Image by Rayani Melo
Continuing the theme of my earlier post “Find Your True Calling“, there is a model by Jim Collins that helps make this difficult decision a little easier. In his book “Good to Great”, he talks about something called the “Hedgehog Concept“. In his own words “A Hedgehog Concept is not a goal to be the best, a strategy to be the best, an intention to be great, a plan to be best. It’s an understanding of what you can be the best at. The distinction is absolutely crucial.” The last two sentences have had a profound impact on me. The meaning hits a chord when you are actually able to visualize the entire concept. The model consists of three circles. I have broken them down below:
The first circle asks you the question: what are you good at? There comes a point in our lives where most of us know what we are good at and what we are not good at. I have the ability to break down complicated matters into much simpler language either through visuals or words. I am also able to handle multiple tasks at the same time without losing focus. On the other hand, I am not very good at the operational side of running a business. Detail oriented work such as tabulating accounts is something I do not handle very well. It is important that we be completely honest with ourselves in this circle and identify those capabilities of ours that we excel at.
The second circle asks you a much more challenging question. To answer this question one must identify times when doing something is almost effortless. When time loses meaning and you could go on forever. Was it when you were playing an instrument, teaching a child, painting, leading a group or cooking? There has to be this aura of complete ease and enjoyment in the doing of that particular activity and the awareness that in that moment everything is just how it is meant to be. Looking back in my case, this occurs when I am leading a team or a group. Whether it be one person or more I always find myself performing not just optimally but thoroughly enjoying it as well.
The last circle asks you a very pertinent question. Usually most of the things we really enjoy doing such as surfing the web, twittering, reading or listening to music are things most of us will not get paid to do. So we have to be realistic with ourselves here and identify the skill sets we can get paid for. For instance if you are good at reading and writing and find that when you write, time seems to stand still and you could go on writing forever, this is obviously something you are passionate about. You then have to figure out a way to monetize your writing, to earn a living. Things you could do include, copy writing, journalism, writing reviews or things along those lines to find ways to get people to pay you for your inherent skill sets.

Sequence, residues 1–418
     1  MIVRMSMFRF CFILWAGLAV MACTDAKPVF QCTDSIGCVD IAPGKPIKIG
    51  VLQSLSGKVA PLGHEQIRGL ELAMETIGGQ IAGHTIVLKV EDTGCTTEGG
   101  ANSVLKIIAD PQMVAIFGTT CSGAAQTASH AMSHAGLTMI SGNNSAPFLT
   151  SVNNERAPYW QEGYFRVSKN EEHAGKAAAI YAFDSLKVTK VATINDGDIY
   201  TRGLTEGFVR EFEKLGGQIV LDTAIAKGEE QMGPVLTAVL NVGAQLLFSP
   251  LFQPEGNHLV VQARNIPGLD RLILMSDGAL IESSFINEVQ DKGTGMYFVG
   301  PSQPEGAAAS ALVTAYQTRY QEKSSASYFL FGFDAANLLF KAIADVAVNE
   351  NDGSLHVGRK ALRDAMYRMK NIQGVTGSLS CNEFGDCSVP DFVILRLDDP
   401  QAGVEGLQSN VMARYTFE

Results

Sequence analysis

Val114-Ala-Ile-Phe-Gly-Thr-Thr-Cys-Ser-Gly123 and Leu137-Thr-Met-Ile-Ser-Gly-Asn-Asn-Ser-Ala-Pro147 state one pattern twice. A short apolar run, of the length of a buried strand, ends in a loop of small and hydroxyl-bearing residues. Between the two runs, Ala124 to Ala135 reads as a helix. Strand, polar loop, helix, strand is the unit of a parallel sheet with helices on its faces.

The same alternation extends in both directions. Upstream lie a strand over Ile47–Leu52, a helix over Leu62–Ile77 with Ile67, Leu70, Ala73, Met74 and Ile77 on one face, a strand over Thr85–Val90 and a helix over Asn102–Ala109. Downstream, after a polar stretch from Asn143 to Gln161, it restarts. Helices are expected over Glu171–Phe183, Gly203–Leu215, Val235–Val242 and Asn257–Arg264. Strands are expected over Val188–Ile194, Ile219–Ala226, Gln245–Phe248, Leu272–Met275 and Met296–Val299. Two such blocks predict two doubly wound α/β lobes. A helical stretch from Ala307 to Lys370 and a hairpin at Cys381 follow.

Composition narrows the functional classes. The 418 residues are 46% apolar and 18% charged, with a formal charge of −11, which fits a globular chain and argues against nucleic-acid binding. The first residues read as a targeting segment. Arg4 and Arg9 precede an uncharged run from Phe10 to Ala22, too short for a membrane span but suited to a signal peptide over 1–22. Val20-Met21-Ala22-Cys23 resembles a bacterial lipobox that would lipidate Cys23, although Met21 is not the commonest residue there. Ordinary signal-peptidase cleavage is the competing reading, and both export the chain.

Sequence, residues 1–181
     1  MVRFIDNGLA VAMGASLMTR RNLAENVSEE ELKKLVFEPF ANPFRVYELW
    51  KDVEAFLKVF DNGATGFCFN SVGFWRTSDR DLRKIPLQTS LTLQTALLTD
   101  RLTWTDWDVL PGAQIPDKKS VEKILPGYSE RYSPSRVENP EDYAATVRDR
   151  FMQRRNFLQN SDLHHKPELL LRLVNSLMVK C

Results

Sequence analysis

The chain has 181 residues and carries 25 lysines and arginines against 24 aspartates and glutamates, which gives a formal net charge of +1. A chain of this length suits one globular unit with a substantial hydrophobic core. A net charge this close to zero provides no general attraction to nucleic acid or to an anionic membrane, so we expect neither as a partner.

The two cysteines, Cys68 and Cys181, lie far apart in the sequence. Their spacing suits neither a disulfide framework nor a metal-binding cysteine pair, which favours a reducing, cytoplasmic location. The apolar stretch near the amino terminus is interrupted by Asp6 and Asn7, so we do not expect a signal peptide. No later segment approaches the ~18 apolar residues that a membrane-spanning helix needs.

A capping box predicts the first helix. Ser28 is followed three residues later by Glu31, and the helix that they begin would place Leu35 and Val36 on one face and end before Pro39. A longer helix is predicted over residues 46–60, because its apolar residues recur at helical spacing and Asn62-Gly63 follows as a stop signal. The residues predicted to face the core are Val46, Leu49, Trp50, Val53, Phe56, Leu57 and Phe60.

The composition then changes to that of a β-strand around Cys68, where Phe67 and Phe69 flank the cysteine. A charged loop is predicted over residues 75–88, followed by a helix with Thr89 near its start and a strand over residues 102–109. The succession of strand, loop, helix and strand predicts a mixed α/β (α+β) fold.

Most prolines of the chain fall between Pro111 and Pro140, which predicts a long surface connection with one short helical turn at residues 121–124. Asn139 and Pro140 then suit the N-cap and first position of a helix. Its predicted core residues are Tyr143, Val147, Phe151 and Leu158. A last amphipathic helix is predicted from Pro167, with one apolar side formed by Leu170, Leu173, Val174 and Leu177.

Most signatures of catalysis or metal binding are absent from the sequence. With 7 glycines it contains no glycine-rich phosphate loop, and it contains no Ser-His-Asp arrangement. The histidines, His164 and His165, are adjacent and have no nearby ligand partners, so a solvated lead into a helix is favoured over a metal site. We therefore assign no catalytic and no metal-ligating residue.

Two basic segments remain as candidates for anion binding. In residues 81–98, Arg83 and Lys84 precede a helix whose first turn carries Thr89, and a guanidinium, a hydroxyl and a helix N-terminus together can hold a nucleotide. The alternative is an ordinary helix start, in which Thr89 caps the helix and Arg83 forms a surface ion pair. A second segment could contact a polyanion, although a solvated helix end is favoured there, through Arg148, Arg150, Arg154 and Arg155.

When you merge all the three circles together you get this:
The purple section at the intersection of the three circles is where one needs to continue moving towards. If we leave out any one of the circles from this equation, a major component will be missing from our lives. We could then end up doing something we are good at and which makes us a lot of money, but do not get any satisfaction from. We could also just go along doing something, never aiming to excel at it because we lack the needed passion and drive. Therefore it is important that we keep all three circles in perspective when choosing what we really want to do in life. When we are able to find that sweet spot in the middle, life becomes more fulfilling and meaningful and every day is a new day to look forward to. I am still figuring out all the three circles, and coming close. The closer I get, the more I can feel my life becoming energized in each and every way.
I would really like to hear from readers about their experiences so far. Have you managed to reach that sweet spot? If you have, what were some of the challenges that you faced along the way. If you have not found that sweet spot what are some of the challenges you are currently facing? I look forward to your comments and thoughts.